Do germs stick to clothes

Pretty Much All of Your Weird Germ-Avoidance Behaviors Are Pointless

do germs stick to clothes

How do germs get onto clothes and towels? Germs on clothes and towels can come from our own body. We all have bacteria on the surface of our skin, in our.

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With cold and flu season in full swing, germs are getting plenty of press. Reports on the potential dangers of antibiotic-resistant superbugs mingle with discussions of the effectiveness of vaccinations and various other medical interventions. While germs may be too small to be seen with the naked eye, encountering them can have a major impact on your health, and these microscopic menaces can lie in wait on a wide array of common surfaces. How long can germs live on surfaces? And what can you do to protect yourself and your health?

Laundry serves far nobler purposes than stamping out body odor. It also protects you from getting sick. Brace yourself, because this is going to get gross in a hurry. Imagine that someone who lives in your house is ill. A single gram of his fecal matter contains millions of viruses, and exposure to just a hundred of those viruses can make you sick, says Kelly Reynolds, a germ researcher and associate professor of environmental health at the University of Arizona. Regardless of how assiduously he wipes, the average person has about a tenth of a gram of fecal residue in his underwear, says Chuck Gerba, a professor of microbiology at Arizona. Energy efficient, low-heat settings may not get the job done, she says.

Your dirty laundry may actually be even dirtier after you wash it. That's because experts say washing machines are teeming with bacteria that find their way onto your clothes -- and then onto you. Our smallest items -- our undergarments -- are the biggest culprits because of the presence of fecal matter and the different types of bacteria it can carry. Charles Gerba, a professor of microbiology at the University of Arizona, has done extensive research on the germs that fester in our washing machines. Fecal matter can carry a number of different germs, including the hepatitis A virus, norovirus, rotavirus, salmonella and E. Philip Tierno, a professor of microbiology and pathology at the New York University School of Medicine and author of the book, "The Secret Life of Germs," said bacteria from the skin, such as staphylococcus , can be found on clothing and towels. You may have been relying on your detergent to get rid of all the dirt and germs, but if you're not using bleach or very hot water, you're not killing the bacteria -- they're getting on your hands and staying in the washing machine.

If the first thing you do when you get home is plop on the couch in the same in the same clothes, but if you're coming in, sticking around for a few hours, While it's unlikely to spread serious germs from your clothes into your.
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Back to Infections. Germs on clothes and towels can come from our own body. We all have bacteria on the surface of our skin, in our noses and in our gut. Most germs cannot penetrate through normal skin but may harmlessly colonise it. Washing your hands regularly is likely to be significantly more important than clothes washing at preventing most infections. Underwear is more likely to have germs on it than outer clothing like jumpers or trousers.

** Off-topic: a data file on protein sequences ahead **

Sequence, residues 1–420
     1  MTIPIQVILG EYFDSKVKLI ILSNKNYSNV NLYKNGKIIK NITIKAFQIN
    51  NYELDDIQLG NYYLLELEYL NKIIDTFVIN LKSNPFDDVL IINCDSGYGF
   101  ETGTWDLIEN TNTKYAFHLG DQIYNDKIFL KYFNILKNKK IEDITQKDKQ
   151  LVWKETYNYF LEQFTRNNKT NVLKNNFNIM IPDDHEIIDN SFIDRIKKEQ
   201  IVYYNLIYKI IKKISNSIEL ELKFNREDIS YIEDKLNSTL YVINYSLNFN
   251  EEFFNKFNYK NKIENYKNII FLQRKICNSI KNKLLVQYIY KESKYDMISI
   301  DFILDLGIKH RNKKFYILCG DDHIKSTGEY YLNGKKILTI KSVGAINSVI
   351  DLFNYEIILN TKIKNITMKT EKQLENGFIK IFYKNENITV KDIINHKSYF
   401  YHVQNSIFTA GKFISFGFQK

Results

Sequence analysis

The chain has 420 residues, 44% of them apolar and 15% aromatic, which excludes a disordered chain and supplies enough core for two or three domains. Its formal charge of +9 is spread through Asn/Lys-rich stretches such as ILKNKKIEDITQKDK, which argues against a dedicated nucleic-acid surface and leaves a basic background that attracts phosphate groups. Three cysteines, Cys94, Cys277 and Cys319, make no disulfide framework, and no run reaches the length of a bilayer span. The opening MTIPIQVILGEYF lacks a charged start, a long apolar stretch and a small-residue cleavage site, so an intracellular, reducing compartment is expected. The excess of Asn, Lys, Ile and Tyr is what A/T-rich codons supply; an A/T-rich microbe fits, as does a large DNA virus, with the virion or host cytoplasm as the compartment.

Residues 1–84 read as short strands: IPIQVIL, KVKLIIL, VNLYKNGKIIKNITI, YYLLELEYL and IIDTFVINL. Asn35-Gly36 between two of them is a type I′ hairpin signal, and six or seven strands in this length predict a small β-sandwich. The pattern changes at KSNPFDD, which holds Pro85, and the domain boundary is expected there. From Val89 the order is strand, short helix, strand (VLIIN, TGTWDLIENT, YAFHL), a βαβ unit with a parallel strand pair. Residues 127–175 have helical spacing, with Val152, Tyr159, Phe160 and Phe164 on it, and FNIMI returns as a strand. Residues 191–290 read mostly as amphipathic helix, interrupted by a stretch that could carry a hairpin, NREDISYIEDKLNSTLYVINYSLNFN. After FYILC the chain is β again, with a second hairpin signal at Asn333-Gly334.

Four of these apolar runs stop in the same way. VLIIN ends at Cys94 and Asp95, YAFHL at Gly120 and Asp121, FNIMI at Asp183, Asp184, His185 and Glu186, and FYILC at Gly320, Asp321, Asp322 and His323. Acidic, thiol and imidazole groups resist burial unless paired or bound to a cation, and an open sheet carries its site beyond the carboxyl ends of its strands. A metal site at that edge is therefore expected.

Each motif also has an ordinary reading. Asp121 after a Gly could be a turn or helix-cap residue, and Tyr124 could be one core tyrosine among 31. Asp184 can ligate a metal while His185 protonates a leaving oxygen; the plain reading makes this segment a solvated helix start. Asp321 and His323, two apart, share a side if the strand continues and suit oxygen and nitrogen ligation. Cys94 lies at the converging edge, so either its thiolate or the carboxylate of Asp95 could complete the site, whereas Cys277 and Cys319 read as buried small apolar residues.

Experts weigh in on how cautious you should be about bringing germs and other stuff from the outside world into your home. If the first thing you do when you get home is plop on the couch in the same clothes you've been wearing all day, you may want to reconsider. So, Tetro says play it safe by changing into a new set of clothes to minimize the chance of transferring microbes to surfaces or other people in the house. Acinetobacter is a bacterium that can cause a respiratory infection that leads to pneumonia. So if you come home after a long day and jump in your bed, and you happen to come into contact with Acinetobacter , you could transfer that to your pillow and then that may end up leaving you with the possibility of inhaling it and then getting sick.

Podcast: Play in new window Download. I was talking to a patient the other day about how their child, who was eight months old, had gotten a febrile illness. So mom and I were talking about how this can happen? Thats when I told her about my experience as a young pediatrician with a young child named Benjamin at home. You guys know Benjamin, the world class musician who is now 30 years old, whose music you have been enjoying on the intro and outro of each post.



The Doctor’s Hands Are Germ-Free. The Scrubs Too?

Perhaps you were as grossed out as we were by that recent Weill Cornell Medical College study that showed New York City's subway system to be teeming with bacteria. Over an month period, geneticist Christopher Mason and his team collected DNA from handrails, kiosks, seats, and turnstiles across the MTA to reveal a lush, invisible ecosystem containing more than 15, different kinds of microbial life.

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4 COMMENTS

  1. Amélie G. says:

    Dirty Laundry? Germs and Bacteria Last in Washing Machines - ABC News

  2. Lucas B. says:

    Remedios caseros para curar la chanda en los perros what did the teenage yardstick say to its parents

  3. Delmar R. says:

    The Washington Post has a list of the dirtiest, most germ-infested areas that you come into contact with on a daily basis.

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